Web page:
Rolls-Royce to consolidate fan blade manufacturing in Singapore

SINGAPORE – British jet engine-maker Rolls-Royce will manufacture its wide chord fan blades entirely out of Singapore and move some operations back to the United Kingdom, as part of the aerospace giant’s consolidation plans amid the Covid-19 pandemic.

The Republic is currently the only country outside of the UK where Rolls-Royce manufactures its hollow titanium wide-chord fan blades, used to propel the Trent aero engines on models like Airbus A380 and Boeing 787 Dreamliner.

From next year, it will begin to consolidate manufacturing volume at its Singapore campus at Seletar Aerospace Park, Rolls-Royce announced on Thursday (Aug 27).

Engine assembling and testing operations will be moved back to its plant in Derby, England, said Mr Bicky Bhangu, the firm’s president for South-east Asia, the Pacific and South Korea.

Rolls-Royce will seek other opportunities within its ecosystem here for the 300 or so workers in the Singapore assembly and test unit, Mr Bhangu said in a statement.

“With the expanded capabilities in both our high-value fan blade production and our maintenance, repair and overhaul joint-venture facility, we are presented with potential opportunities for our people,” he said.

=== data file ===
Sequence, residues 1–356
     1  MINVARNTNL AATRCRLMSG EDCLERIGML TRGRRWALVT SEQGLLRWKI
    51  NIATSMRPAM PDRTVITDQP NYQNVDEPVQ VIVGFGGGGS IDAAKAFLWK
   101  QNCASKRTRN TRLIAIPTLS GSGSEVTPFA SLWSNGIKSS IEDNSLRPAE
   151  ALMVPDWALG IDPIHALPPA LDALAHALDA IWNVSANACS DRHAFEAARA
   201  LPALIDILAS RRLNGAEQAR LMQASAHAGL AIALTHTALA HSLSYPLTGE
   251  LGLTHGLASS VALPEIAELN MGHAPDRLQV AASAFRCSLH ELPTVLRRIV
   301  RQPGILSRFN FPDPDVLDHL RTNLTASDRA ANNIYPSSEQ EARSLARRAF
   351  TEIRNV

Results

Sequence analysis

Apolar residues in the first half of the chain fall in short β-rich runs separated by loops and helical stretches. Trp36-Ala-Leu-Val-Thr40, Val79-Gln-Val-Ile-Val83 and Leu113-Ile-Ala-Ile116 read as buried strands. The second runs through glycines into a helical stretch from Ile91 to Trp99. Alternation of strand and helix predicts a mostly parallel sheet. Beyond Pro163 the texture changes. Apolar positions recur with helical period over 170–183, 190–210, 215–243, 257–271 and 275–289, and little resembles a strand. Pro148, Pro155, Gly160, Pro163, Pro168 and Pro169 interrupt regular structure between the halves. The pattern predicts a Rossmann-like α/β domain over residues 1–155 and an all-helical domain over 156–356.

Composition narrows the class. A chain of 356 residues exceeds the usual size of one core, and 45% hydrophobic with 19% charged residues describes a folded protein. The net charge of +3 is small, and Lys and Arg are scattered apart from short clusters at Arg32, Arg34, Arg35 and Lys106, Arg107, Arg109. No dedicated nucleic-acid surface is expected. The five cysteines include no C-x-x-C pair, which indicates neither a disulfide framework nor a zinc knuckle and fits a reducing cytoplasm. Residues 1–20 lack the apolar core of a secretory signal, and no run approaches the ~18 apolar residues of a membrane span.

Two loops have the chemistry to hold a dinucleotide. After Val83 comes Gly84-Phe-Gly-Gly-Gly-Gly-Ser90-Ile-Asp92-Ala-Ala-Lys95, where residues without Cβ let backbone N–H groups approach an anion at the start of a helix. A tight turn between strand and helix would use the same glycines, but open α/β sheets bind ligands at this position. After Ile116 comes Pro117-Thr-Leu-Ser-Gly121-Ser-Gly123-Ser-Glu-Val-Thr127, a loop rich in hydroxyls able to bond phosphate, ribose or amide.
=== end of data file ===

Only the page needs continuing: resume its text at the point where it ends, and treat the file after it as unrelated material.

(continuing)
The company is also exploring options for the assembly and test facility to be used for “near-term aerospace growth activities”.

Rolls-Royce’s Singapore campus, its first Asia-based aerospace facility, was hailed as a major boost for the sector when it opened in 2012.

It employed about 1,000 people here as of early this year, but announced last month (July) that 240 would be laid off as part of a global restructuring. Rolls-Royce said in May that about 9,000 jobsworldwide – nearly a fifth of its total headcount – would be slashed due to the devastating impact of the coronavirus outbreak on the aviation industry.

Mr Bhangu said the decision to consolidate was similarly driven, adding that demand for Rolls-Royce’s civil aerospace products and aftermarket services have been badly affected.

On the consolidation, he said: “We believe it will deliver an operationally effective and sustainable solution for the reduced level of demand in the commercial aerospace market that is expected to take several years to recover.”

The companyis working with partiessuch as the Singapore Industrial and Services Employees’ Union and National Trades Union Congress’ Employment and Employability Institute to help affected workers through the transition, Mr Bhangu said.

“We value our significant and long-term partnership with Singapore, and we remain fully committed to Singapore as a strategic hub for high-value manufacturing, research and technology, supply chain, our regional power systems business, and as the service centre for our civil aerospace customers in Asia Pacific.”

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